In our previous blog in the series, “5 DIY Cyber Security Skills Every IT Professional Needs to Master,” I discussed the importance of nmap as a critical command line tool that improves network visibility and overall security. Today, I’ll cover some concepts related to translating coding and programming structures.
Being a resident cyber handyman isn’t easy. Not only are you often asked to accomplish what’s beyond your skill range, many times you don’t have proper resources to complete the task. Basic programming skills can help close the gap, but it is no simple task. For a cyber handy man or woman, it’s often hard to figure out where to start. Every other month I change which language I’m going to attack the hardest, then a month later it changes. Fortunately, I have a solid understanding of coding concepts, which makes jumping around languages relatively easy.
Here’s an example of why understanding programming is useful. Years ago, I was heading up a small incident response shop in the Army, and we lacked sufficient funding for tools and other necessary resources. Still, we created forensic machines out of spare parts and used open source everything to get the job done. I learned a bit of batch scripts and wrote one for volatile data collection during incident response. About a week after I finished and tested the script, we got a call of a potential attack in progress. Low and behold, my crazy little script worked! I reduced the time on the box and the need to fool around with commands.
Before I describe this short list of coding concepts, here are a few reasons why they are important:
- Scripts – If you can automate something with a script, do it. Life will become easier
- Mods – Perhaps code exists, which you can modify for your use (if you understand it)
- Awareness – If you’re testing an exploit, you should have an idea what it’s going to do before you run it
It must be noted that languages have different names for the same object or structure type. For example, in Python, arrays are called lists, and “else if” is “elif”. Remember to understand the concept, and when you look at a language make sure you understand its lexicon.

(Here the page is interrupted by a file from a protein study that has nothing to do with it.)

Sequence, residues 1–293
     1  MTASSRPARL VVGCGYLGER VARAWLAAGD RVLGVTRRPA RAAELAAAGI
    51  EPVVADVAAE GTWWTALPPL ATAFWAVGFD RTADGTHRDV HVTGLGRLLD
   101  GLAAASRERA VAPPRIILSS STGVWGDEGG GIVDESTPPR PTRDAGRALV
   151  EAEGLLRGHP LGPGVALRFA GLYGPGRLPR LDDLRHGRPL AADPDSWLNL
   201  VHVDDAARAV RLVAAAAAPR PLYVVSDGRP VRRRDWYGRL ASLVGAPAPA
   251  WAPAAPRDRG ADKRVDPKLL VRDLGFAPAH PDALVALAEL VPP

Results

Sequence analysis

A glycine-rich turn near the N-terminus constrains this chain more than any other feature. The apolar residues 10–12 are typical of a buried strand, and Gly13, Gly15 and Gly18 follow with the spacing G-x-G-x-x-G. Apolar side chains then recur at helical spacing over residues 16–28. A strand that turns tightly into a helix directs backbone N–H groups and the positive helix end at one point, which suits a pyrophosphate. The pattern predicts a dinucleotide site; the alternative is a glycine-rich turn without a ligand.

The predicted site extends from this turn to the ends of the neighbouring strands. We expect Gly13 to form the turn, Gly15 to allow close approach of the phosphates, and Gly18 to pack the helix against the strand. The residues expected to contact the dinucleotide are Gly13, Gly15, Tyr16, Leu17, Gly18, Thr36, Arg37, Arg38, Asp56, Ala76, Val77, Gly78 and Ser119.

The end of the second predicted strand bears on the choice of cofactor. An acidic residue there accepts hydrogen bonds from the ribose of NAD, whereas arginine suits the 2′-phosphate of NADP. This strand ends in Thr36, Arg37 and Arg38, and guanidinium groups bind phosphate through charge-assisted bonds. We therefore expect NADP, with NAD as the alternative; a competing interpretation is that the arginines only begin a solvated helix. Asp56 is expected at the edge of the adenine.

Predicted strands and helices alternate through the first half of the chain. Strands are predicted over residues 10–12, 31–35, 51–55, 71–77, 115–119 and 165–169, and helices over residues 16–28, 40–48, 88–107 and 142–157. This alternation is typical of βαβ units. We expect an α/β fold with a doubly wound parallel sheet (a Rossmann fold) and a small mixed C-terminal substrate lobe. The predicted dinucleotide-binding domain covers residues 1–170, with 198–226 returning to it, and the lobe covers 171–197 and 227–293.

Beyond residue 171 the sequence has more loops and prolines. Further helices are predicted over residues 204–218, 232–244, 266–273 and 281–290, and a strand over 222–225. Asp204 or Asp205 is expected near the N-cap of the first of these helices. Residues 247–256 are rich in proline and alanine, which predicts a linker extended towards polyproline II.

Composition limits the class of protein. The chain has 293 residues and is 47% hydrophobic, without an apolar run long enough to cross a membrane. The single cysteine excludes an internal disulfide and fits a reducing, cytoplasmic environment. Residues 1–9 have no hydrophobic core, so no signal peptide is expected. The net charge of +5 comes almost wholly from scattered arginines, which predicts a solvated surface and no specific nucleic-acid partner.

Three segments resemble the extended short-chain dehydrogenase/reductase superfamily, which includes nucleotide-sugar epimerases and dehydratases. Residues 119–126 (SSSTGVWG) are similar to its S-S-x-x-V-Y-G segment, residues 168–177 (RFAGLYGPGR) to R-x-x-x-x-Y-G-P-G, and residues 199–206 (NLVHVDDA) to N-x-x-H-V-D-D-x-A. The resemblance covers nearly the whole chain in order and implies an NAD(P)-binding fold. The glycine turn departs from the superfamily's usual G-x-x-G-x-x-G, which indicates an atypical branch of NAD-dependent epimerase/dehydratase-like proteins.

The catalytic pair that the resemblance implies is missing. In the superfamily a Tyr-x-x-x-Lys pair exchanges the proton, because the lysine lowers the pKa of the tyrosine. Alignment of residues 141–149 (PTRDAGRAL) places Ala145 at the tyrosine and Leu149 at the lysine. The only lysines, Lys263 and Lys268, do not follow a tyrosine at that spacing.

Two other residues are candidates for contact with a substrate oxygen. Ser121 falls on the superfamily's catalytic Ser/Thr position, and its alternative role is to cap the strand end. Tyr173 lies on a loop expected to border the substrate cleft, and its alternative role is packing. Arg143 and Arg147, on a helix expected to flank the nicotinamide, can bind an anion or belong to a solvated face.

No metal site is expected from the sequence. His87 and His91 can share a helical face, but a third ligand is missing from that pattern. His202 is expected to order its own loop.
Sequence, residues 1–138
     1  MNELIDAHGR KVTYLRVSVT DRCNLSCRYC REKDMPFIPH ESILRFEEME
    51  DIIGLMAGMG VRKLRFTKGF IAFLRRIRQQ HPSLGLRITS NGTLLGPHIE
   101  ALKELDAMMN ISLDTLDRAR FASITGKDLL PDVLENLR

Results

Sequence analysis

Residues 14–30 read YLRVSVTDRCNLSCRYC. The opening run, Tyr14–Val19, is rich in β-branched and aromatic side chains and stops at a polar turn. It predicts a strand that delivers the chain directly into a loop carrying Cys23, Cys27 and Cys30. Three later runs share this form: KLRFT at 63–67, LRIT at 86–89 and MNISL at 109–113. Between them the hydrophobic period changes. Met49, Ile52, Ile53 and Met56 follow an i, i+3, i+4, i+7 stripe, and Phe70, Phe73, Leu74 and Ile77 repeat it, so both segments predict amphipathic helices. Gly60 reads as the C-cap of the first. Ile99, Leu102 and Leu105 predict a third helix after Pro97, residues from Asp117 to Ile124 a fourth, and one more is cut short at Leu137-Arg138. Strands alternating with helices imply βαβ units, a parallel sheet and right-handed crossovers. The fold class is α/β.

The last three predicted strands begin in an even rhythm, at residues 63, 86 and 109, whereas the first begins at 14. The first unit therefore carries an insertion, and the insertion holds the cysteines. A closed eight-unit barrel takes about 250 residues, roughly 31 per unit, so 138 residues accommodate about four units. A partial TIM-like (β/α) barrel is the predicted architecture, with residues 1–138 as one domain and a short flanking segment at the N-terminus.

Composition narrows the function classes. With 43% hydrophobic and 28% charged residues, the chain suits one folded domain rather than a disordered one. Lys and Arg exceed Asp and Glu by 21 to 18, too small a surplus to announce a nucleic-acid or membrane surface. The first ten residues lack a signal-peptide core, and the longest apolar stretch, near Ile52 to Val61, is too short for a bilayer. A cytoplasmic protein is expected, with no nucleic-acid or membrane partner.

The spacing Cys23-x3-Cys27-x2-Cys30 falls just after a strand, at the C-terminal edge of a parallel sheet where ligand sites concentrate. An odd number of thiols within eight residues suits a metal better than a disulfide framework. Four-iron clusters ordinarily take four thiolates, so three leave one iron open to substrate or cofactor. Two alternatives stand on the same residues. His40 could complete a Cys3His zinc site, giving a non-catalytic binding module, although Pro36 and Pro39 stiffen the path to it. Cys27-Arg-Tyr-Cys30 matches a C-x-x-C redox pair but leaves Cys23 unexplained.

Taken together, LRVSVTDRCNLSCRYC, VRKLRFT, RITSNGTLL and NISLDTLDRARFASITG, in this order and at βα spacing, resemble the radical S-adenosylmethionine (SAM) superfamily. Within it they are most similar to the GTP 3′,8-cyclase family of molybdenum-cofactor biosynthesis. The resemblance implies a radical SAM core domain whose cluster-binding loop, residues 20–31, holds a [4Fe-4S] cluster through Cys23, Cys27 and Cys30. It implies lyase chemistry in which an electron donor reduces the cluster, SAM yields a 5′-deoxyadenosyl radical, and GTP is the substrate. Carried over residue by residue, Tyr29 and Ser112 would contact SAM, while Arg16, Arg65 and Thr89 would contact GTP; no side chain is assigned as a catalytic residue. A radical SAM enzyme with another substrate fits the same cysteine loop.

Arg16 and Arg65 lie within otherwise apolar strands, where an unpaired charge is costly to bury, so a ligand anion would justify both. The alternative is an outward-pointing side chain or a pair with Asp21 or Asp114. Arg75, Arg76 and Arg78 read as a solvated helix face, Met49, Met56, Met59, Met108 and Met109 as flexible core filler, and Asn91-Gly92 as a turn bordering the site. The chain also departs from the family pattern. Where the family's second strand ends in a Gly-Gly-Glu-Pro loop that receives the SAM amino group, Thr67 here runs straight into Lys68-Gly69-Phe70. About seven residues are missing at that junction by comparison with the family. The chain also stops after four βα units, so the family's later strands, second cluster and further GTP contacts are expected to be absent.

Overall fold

In simplest terms, variables are placeholders for data. They can represent different values (numbers, strings, etc.). These make programs way more flexible. Here is an example:
Probably my favorite structure, loops allow you to repeat an action until some criteria is met. FOR loops and WHILE loops are probably the most common types. These are two simple examples, but they describe how each works:
- FOR every <IP Address> in this <list of IP Addresses> check if port 22 is open
- WHILE <result of ping> is FALSE, keep the <ping> going
And, Or, If, Else if, Else
This logic helps make decisions based on some criteria. Though each has a different purpose, the resulting code depends on the result of the logic being TRUE or FALSE. The logic works much like philosophical logic (here’s to you, Aristotle):
IF your age is less than 18: you cannot buy tobacco you cannot buy alcohol ELSE IF your age is less than 21 AND greater than or equal to 18: you can buy tobacco you cannot buy alcohol ELSE: you can buy tobacco you can buy alcohol
It’s worth remembering some truth table basics here. Unless it’s an “exclusive OR” (save that for another day), the result is TRUE is either side of an OR is true as well as if both sides of the OR are true. Also make note how we can control many different potential outcomes with the IF, ELSE IF, ELSE logic. We can keep adding ELSE IF statements (however after a certain point it’s not the most efficient way).
Arrays/lists allow you to store multiple values in one location. There are a lot of things that can be done with arrays, and most languages have some built-in methods to define and append arrays. For example, the ages of people reading this blog may look like this:
Methods are specific pieces of code that can be executed on a certain object type. For example, an array may have methods to get an average, return the number of items, or add and remove items. Here’s a Python example of adding the age if a new person reads this blog.
These are what make programs so flexible. If you have a task that may need to be repeated, write a function to do so. Functions (normally) take some sort of input passed to it, then provide something as a return. Functions can be written for almost anything, and the beauty is if you pass the correct types of data to it, you can reuse that function anywhere. Here’s a Python example of sorting the ages in our list:
These are the basic building blocks of programs. With this understanding of code, you can write simple scripts/programs to do many different things. My suggestion is to read code with the sole intent of trying to understand its functionality. Read different languages. If you can, get simple programs and modify them.
We hope this blog on coding and programming structures has given you a bit better understanding of this topic. When you can combine the basics of coding with a solid understanding of the command line, you’ll give yourself the ability to automate a lot tasks (including analysis) without having to depend on a graphic user interface (GUI). Coincidentally, leaving the GUI behind is where we’ll pick up next time in our blog series. In the meantime, you can learn more about our cyber security training courses and services.
Matt Kuznia is the strangest mix of things you can imagine. He’s part musician, black belt, snowboarder, computer geek, Baltimore Orioles fan, runner, and of course, DIY’er (cyber and otherwise).
You can follow him on Twitter, @understateme, for his latest #cyberhandyman tips and tricks.
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